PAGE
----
Edmund Burke, Conservatism, and Free Markets

In a recent piece by Samuel Gregg of the Acton Institute, he discusses the turn against free markets by some conservatives.  This issue is part of the ever increasing divide among those who traditionally align with the conservative movement broadly speaking, and those that seem to succumb to the ever increasing role of government regulating the economy.

“Conservatism emphasizes the benefits of permanency, order, tradition, and strong and rooted communities,” states Gregg.  Thus, the disruptions in markets that we’ve experienced in recent years has jilted some free market traditionalists.

Enter Edmund Burke, as Gregg reminds us.  Burke is not one who is often touted when trying to defend conservative free market principles (at least from an economic perspective), but his defense of economic liberty is one that conservatives should reclaim.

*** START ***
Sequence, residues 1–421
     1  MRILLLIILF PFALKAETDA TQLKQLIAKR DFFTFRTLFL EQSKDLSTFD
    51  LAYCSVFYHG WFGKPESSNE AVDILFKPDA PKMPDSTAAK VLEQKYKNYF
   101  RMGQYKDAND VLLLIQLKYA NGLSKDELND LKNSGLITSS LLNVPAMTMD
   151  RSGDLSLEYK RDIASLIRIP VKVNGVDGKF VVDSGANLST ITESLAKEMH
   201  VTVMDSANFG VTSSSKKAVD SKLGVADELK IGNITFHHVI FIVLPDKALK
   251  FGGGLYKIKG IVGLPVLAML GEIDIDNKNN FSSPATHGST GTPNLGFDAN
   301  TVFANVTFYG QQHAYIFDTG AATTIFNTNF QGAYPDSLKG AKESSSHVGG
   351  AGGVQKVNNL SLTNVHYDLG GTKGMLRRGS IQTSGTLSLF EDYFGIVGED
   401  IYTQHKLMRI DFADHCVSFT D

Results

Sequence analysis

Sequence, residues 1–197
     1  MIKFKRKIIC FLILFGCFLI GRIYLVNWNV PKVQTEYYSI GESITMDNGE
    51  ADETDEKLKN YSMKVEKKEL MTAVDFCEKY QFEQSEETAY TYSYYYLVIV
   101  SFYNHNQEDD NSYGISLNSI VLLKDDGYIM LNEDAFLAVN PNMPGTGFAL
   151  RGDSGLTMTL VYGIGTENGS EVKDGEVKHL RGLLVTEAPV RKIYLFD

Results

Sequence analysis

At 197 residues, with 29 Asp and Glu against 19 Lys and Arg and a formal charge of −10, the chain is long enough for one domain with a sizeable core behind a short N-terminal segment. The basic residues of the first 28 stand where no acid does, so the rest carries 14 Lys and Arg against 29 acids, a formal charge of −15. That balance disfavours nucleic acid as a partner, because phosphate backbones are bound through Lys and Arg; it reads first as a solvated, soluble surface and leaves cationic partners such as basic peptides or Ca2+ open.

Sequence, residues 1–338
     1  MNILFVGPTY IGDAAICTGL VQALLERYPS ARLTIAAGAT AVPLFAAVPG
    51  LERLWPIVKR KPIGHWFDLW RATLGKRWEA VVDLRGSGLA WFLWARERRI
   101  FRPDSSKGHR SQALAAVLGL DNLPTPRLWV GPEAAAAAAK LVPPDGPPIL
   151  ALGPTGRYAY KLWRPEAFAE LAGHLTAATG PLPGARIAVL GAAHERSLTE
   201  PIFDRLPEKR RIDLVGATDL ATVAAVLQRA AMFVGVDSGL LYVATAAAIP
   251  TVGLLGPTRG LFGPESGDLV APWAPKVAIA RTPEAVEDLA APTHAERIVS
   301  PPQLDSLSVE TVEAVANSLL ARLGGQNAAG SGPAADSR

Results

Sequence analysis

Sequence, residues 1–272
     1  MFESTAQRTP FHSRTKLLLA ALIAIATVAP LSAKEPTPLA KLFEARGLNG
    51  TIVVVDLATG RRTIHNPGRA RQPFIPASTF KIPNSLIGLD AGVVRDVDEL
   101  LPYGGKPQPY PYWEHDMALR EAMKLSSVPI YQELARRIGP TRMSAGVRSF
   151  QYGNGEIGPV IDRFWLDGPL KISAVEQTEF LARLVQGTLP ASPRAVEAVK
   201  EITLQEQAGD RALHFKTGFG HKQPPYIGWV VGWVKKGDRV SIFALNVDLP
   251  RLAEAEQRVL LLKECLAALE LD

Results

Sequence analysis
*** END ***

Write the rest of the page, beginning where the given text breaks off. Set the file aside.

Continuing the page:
Burke defended a limited role of government, one that functions only in the areas of providing public goods (defense, security, protection of property rights).  Also, he argued that the national government should stay out of local affairs, and welfare functions should be “undertaken by non-state entities.”

It seems that many conservatives today have forgotten these principles.  When trying to solve the most pressing economic (and social) problems of the day, conservatives quickly seek Federal government solutions.  They would do well to take a step back and (re)learn from this 18th Century Irish Statesmen.